Saturday, April 19, 2014
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VASQUEZ: War on women

When I was twelve years old, a family friend described me as a “rebel without a cause.” I have no idea why he said this, but I remember not being pleased about it. It didn’t make sense to me because to be a rebel, you have to disagree with something. And by disagreeing, you’re believing in its opposite. Therein lies the cause.

In a way, I rebelled against his statement. I told myself to always have a cause. When controversy arises, I acquire all knowledge possible and then make an informed decision. Stick to it. Fight for it. And most importantly, never become so proud that I can’t admit when I make a mistake.

The past couple of weeks have put this philosophy to the test. Boston University has turned into a hotspot for breaking news and scandals that all seems to revolve around one broad issue: sex. Within a few days, they raised concerns and controversies evoking the whole spectrum of human emotions.

As a female student, these issues concern me. In light of the recent arrests of two BU hockey players, there has been a surge of awareness regarding this negative trend. All students and faculty received the letter from Robert Brown, the president of our university, in which he addressed this particular problem.

When I opened this email, my anger increased. The words “sexual assault” and “rape” were not mentioned. The cowardly tiptoe around the real issue enraged me. Every line reeked of concern for the hockey team, rather than the victims. The vague solution of a “task force” proposed in the email doesn’t even include students and alumni, according to the letter.

The appropriate response to rape and sexual assault charges is through direct approach and acknowledgement of the sexual violence towards women that is occurring in front of us. The root of the problem is not in the “hockey culture.” It is in society. Boston University needs to take more forthright and active steps to assess this ugly reality.

The task force is about protecting the integrity of the university. Call me crazy, but when the health and safety of students are at risk, I don’t care about how it looks. I care about how it is.

And this is how it is: We live in a society that teaches “Don’t get raped” instead of “Don’t rape.” And if that sentence alone doesn’t make your skin crawl, nothing will. If this situation does not open your eyes to the repulsive inequality of this patriarchal society, then think about this next point.

You know you’re living in a sexist environment when the choices of two male athletes trigger widespread media attention and a personal letter from the president of the university, but the fact that female students are getting videotaped in their own dormitory showers gets little to no attention by the administration.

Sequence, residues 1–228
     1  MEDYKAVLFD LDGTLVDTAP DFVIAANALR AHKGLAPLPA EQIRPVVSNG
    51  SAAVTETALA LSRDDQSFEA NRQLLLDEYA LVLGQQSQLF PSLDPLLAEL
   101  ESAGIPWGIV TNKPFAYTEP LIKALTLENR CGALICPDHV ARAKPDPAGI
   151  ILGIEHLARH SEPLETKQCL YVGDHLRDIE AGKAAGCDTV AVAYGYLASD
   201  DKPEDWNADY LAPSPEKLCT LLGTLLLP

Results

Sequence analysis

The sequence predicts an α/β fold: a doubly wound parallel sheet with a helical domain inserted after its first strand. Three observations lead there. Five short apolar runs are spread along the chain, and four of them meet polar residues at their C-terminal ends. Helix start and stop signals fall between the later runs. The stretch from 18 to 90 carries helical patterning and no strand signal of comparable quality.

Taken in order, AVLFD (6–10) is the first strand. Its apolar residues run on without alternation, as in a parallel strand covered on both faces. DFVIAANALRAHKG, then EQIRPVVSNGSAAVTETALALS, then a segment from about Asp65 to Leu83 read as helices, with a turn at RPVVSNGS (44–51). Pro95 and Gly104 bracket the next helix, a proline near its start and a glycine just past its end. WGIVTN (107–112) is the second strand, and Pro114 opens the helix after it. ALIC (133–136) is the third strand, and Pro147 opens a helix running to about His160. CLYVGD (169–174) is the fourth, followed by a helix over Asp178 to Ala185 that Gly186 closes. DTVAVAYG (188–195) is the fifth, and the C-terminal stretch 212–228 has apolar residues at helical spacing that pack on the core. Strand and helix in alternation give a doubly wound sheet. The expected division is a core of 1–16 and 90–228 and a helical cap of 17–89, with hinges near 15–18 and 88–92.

The “peeping Tom” incidents were briefly covered by the main publications and then left alone. As far as I know, there has been no follow-up to what I see as a prominent and disgusting problem on our campus. The very title it was given down-played its importance, making it sound like a simple game little kids play in the sandbox. The truth of the matter is female students do not feel safe in their college homes. This is an issue that deserves just as much media attention and focus.

What is even more appalling is the advice given to the female students to stop this from happening. They were told to consider “extra precautions” and for roommates to look out for one another while showering. The responsibility is put on the victims. A woman should be able to feel safe in her college environment. I am astounded that this problem has not received more attention; it is further proof of the so-called “war on women” in our society.

There is gross injustice in our world still going on today. Women are still not treated as equals in so many different ways. Feminism has a negative connotation, further proving this patriarchal society. The reason for this is a simple lack of awareness and understanding. So many people, men and women alike, have such a twisted notion of what it means to be a feminist. It is not a dirty word. It is not even a controversial word. It’s all about equality. Women can be feminists. Men can be feminists. And I would like every man that says he is not a feminist to explain to his mother, his sister, his daughter, his wife or girlfriend why he does not believe in equality for women.

Our society has a problem. Can BU be blamed for its cause? Not at all. It can be blamed for fostering an environment that flows with the current, rather than against it. It can be blamed for not taking a stronger stand against sexual violence towards women. It can be blamed for continually failing to address the real problem and consequently failing to provide concrete and effective solutions.

Do something, BU. Do something to keep me safe. Stop spewing senseless words and stringing together media-friendly phrases. Stop talking in your sleep. Wake up to the reality and start listening.

 

Dany Vasquez is a sophomore in the College of Communication and a weekly columnist for The Daily Free Press. She can be reached at vasquezd@bu.edu

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